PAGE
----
Using data to deliver more targeted health and social care

Albert Seubers

Atos Director, Global Strategy Smart X

With demand rising for health and social care in cities, taking a data-driven approach can help reduce pressure on services while targeting precious resources more effectively. Increasing demand for health and social care is the result of both an aging population as well as high-density populations and infrastructures — meaning that stress levels are on the rise, causing many kinds of issues.

Encouraging health and wellbeing

While cities cannot enforce healthy lifestyles, they can promote them by empowering citizens and providing them with positive opportunities. From a design perspective, more open space (preferably green) is needed to help provide clean air and time to relax.

The City of Copenhagen is a very good example of this. Within 15 minutes on foot or by bicycle, every resident can reach a park or waterfront. The City of Houston also has a very well-designed riverside park where cycling, running and other types of sports are welcomed.

In some cities, people are attracted into parks through partnerships with private-sector sponsors providing technology to promote and enable sports and exercise. These technologies generate and capture data (via wearable devices, for example) for use by individual citizens as part of their own health and wellbeing regimes, as well as by sponsors and city services to more accurately plan and target resources.

Personalizing health and social care

Aging also has an impact. As we grow older, we want to live independently for as long as possible, which creates increased demand for home and health support. This is in the interests of city services, for whom the costs of elderly and retirement homes are high.

Home support services are provided by commercial companies — sometimes contracted by the city and sometimes directly by residents. Currently, the services delivered are usually dictated by the availability and schedule of the provider. In contrast, access to biometric data can help personalize services for individual citizens much more effectively.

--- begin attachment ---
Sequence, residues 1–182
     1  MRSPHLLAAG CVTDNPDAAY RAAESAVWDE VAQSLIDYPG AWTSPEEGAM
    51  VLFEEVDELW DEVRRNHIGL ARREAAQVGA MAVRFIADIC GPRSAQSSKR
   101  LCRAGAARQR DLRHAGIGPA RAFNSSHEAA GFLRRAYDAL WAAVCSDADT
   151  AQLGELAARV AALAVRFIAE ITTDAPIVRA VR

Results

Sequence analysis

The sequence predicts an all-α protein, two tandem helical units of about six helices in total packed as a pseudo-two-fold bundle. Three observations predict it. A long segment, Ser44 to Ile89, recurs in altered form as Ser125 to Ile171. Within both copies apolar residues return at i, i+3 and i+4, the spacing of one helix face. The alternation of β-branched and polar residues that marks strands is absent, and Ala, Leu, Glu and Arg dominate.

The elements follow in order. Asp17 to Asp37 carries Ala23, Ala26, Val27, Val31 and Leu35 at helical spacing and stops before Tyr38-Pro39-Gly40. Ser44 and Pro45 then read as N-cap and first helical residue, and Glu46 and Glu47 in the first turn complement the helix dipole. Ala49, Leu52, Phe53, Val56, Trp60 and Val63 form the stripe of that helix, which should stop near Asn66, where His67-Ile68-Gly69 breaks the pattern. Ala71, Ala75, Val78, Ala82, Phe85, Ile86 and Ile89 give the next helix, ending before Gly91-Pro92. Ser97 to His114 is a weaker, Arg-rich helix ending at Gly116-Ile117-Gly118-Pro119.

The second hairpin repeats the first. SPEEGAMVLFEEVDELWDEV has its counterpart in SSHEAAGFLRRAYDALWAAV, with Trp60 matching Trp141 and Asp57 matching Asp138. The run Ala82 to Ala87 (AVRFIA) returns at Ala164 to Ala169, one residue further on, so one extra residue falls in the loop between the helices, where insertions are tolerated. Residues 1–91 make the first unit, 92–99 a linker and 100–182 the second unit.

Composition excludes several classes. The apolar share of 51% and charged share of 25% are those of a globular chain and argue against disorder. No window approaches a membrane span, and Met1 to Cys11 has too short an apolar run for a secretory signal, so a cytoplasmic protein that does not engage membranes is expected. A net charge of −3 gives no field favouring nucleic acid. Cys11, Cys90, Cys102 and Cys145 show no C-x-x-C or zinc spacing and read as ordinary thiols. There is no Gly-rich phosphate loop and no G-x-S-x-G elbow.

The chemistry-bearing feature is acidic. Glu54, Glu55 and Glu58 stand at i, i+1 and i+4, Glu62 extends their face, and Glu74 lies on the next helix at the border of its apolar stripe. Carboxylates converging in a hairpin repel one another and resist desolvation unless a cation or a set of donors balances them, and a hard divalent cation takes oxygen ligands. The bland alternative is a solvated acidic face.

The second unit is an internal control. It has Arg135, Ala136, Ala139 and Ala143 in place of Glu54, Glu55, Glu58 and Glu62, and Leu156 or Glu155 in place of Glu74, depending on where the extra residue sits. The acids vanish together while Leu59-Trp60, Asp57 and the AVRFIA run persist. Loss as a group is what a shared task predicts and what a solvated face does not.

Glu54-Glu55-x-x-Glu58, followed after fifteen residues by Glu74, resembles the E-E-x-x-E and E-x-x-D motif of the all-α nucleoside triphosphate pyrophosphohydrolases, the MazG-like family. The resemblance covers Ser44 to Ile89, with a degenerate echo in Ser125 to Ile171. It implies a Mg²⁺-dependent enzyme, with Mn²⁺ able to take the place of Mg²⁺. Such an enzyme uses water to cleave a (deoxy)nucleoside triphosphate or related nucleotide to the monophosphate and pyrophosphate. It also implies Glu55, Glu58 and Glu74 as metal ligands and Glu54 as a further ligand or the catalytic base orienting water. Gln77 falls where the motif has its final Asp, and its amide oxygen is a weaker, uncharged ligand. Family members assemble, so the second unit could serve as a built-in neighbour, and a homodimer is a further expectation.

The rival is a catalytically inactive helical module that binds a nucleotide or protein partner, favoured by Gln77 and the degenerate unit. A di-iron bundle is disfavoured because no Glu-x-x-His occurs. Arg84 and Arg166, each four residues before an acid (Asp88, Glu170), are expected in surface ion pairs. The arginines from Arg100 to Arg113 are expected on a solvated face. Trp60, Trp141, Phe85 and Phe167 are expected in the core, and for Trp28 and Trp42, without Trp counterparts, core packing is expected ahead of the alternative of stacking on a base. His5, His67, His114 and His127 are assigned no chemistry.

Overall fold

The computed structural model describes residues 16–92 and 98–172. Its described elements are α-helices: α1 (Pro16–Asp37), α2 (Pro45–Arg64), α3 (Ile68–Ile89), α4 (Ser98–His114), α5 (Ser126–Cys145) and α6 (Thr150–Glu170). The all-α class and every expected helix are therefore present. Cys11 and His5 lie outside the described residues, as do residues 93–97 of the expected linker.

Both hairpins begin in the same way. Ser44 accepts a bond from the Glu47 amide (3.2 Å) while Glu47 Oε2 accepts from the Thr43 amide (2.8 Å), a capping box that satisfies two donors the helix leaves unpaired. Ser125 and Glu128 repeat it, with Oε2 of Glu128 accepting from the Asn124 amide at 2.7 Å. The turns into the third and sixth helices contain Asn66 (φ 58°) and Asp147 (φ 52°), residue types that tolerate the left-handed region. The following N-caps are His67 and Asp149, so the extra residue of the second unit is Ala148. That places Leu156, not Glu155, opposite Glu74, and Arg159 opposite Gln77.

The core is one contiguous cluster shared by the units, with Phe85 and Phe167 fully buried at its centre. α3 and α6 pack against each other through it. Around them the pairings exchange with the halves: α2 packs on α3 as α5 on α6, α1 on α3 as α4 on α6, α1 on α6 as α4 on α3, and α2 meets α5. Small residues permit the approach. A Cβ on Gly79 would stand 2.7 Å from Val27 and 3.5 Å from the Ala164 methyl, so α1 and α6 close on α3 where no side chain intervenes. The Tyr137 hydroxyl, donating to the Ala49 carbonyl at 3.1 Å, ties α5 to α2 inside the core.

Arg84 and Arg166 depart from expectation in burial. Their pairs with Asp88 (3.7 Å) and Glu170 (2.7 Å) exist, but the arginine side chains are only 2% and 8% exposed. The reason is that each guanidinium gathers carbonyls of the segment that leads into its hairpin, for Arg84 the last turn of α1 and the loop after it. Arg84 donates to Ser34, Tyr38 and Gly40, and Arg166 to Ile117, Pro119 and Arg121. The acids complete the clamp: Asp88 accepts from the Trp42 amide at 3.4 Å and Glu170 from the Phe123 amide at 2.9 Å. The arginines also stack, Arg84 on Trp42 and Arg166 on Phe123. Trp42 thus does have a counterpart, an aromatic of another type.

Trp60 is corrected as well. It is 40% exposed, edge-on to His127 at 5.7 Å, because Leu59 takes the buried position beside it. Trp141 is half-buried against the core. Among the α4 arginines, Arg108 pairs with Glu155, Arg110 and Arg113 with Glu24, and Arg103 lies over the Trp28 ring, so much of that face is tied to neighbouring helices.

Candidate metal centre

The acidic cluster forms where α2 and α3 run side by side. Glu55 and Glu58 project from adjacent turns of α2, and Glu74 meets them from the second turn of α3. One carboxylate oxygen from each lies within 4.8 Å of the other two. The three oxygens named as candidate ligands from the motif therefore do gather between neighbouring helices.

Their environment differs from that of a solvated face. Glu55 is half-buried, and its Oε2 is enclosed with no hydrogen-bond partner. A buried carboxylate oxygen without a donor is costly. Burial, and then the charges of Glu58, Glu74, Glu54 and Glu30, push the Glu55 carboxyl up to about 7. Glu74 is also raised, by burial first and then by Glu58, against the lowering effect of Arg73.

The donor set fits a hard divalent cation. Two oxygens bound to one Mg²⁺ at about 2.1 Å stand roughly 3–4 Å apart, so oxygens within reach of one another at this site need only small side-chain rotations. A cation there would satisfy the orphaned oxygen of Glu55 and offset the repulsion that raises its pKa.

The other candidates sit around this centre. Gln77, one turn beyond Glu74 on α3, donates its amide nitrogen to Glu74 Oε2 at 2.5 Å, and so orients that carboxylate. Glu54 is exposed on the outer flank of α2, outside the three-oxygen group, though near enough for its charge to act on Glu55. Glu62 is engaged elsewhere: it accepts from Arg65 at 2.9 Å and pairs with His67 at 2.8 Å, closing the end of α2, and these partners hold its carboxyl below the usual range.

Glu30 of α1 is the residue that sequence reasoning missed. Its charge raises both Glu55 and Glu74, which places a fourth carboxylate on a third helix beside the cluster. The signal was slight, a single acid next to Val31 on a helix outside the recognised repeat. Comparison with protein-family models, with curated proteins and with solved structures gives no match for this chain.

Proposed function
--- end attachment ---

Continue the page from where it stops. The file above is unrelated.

Wearable technologies can capture such data, with highly secure connected bracelets that provide real-time data on vital functions to a care provider’s dashboard. There are other uses for such data — for example, analyzing captured heartbeat and blood pressure data to help city planners identify traffic situations that are particularly challenging for elderly or disabled people. A wearable device could even trigger the lights at a pedestrian crossing to allow the wearer more time to cross the street.

Multi-agency approaches

Delivering targeted and timely social care in a city means breaking down silos of data held in different systems. Combining data from social services with police records and education service systems can trigger alerts about vulnerable or potentially vulnerable individuals and families who need help. Of course, privacy must be taken very seriously. The results of the analysis must be presented in a way that protects data and privacy, with training for city workers who receive the alerts.

In a ground-breaking collaboration in South Wales, five public service organizations are working closely together to identify people who may be vulnerable and who may benefit from multi-agency support. Local councils, a health board and the police all share information through innovative data-matching, predictive analytics and consultative dialogue to identify individuals and groups most at risk — who can then receive earlier, better-targeted help and interventions. In some cases, this can even prevent vulnerability happening in the first place.

This is just one example of what becomes possible when agencies start to collaborate. Across the range of local authority health and social care, it is critical that cities provide the digital framework for an ecosystem of services and tools that empower citizens and enable agencies to work together to deliver better targeted, more integrated care.


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